Sunday, November 25, 2012

David & Kim's Big Adventure

Before I go into the trials & tribulations of our recent trip I do want to entice you with a photo from our trip ~
One of my favorite people is in the floral business & asked that we take pictures of flower shops during our trip.  It's ahrd to believe that this is on the street in Vienna.

Now I can tell you all about our recent adventure.  We had tickets to fly from Newark, NJ to Berlin, Germany & on to Vienna, Austria on 10/31/12.  Is anybody making the connection?  Newark, NJ - 10/31/12..... That's right ~> Hurricane/SuperStorm Sandy week.  Since we'd been watching the weather we figured that flying out of Newark would be a no-go.  We contacted Lufthansa several times on Thursday, Friday & Saturday beforehand & said, "we are ready & willing to fly early, but we have to get to Vienna."  Their response, "wait".  Finally - on Saturday we decided that waiting was not the answer & we booked a flight on Aer Lingus from Boston to Vienna & planned to deal with Lufthansa later.  Our trip over went smoothly (we did have to cancel our airport parking in Newark & find a hotel for the 1st half of the week in Vienna, but we made it work).  Leaving our house on short notice was a little scary since we didn't know if our house would be hit by the storm or if we'd lose power, etc.  We just had to believe that all would be ok.  We arrived in Vienna & began exploring.  The weather was cold, cold, cold, but we layered the clothes we had, figured out the public transportation & went all over lovely Vienna.  On one day we decided to take a tour to Prague.  It had been on my list of "places to see" & was everything I'd imagined.  It's an enchanting place & I hope to return in the future.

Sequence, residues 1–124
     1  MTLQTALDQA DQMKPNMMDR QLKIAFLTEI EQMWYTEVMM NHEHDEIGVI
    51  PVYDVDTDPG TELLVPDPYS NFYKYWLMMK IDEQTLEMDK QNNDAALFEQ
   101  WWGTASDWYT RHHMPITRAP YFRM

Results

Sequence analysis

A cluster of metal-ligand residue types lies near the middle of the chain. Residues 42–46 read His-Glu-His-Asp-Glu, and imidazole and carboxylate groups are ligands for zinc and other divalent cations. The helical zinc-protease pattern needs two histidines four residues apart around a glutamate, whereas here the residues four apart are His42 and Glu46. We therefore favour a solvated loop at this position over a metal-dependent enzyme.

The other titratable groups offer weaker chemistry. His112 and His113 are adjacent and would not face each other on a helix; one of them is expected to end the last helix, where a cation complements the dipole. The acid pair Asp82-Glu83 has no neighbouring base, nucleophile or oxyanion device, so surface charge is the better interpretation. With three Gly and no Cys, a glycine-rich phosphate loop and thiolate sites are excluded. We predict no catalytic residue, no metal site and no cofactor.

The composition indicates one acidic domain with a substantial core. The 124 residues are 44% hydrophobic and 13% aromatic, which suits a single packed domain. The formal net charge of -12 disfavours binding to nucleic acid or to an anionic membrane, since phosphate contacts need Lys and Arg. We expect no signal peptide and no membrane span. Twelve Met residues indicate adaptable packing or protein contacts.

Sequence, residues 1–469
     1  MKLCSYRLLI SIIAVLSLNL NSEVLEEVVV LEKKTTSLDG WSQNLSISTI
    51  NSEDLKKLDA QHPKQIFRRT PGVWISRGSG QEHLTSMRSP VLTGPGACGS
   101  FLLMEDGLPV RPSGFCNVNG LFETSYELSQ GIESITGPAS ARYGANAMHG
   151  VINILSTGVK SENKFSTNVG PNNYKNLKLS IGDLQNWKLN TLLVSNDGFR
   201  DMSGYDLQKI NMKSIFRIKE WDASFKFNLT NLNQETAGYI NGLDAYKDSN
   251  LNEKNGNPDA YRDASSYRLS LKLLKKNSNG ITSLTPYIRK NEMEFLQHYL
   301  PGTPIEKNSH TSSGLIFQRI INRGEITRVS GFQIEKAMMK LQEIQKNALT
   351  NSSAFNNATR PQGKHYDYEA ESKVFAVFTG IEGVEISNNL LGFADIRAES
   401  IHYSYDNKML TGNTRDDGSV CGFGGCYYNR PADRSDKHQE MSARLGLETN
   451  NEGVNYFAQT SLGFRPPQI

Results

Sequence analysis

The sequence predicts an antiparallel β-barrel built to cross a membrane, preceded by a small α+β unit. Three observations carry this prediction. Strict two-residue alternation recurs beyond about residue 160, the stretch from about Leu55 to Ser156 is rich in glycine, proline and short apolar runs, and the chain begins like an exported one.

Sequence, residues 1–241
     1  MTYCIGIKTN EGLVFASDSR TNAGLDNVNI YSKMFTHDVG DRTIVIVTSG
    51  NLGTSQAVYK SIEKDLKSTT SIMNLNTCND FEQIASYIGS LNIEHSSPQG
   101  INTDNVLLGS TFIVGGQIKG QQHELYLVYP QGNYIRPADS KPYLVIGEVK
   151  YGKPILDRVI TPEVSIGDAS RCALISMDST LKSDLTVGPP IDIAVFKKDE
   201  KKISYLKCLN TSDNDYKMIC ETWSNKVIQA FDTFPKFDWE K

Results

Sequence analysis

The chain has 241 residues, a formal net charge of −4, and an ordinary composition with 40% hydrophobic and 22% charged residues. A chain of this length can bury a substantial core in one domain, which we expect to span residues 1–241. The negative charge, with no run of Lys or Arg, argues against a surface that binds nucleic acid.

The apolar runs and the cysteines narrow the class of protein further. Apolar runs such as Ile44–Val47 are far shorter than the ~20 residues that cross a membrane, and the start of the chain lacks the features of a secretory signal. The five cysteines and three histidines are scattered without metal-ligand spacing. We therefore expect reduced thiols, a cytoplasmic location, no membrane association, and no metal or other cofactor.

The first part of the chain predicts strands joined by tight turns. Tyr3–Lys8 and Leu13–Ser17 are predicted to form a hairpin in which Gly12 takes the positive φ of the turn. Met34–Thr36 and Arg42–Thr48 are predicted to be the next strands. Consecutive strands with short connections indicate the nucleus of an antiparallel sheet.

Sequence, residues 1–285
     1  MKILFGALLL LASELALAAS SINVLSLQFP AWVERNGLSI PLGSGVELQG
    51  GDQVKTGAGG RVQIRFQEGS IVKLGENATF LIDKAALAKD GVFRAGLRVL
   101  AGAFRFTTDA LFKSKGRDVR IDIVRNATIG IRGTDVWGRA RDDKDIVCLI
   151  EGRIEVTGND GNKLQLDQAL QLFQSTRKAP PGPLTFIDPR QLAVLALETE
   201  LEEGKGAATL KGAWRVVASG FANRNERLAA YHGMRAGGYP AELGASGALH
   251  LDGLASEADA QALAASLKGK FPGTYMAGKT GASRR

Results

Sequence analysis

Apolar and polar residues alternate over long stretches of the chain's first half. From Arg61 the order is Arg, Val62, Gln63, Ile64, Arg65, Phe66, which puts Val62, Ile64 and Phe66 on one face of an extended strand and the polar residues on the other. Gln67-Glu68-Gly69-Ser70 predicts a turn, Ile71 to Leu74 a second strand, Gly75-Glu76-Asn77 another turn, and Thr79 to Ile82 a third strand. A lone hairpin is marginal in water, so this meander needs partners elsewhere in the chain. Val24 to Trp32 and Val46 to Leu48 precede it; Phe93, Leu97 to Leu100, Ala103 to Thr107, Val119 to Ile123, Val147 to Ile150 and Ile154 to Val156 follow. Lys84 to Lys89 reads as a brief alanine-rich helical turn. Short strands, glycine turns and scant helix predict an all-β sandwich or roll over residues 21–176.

On Saturday we picked up the boat for our Danube River Cruise.  The weather continued to be cold & dreary, but our spirits were high.  We met several people on this trip that were both fun & funny & the time flew by.  We traveled on the Danube from Vienna to Nuremberg.  We would recommend a river cruise to anyone that wants an easy-going pace, lots of stops along the way & good views (when it wasn't foggy). 
After a week we disembarked & began our week in Bavaria.  David was determined that every day would be an adventure & he was particularly interested in going to Lichtenstein.  By the end of the week we'd covered Lichtenstein, Switzerland, Austria & pretty good chunk of Germany.  He did lots of driving on the Autobahns & adjusted to the no speed limit as though he were born to it.  The food was wonderful & filling.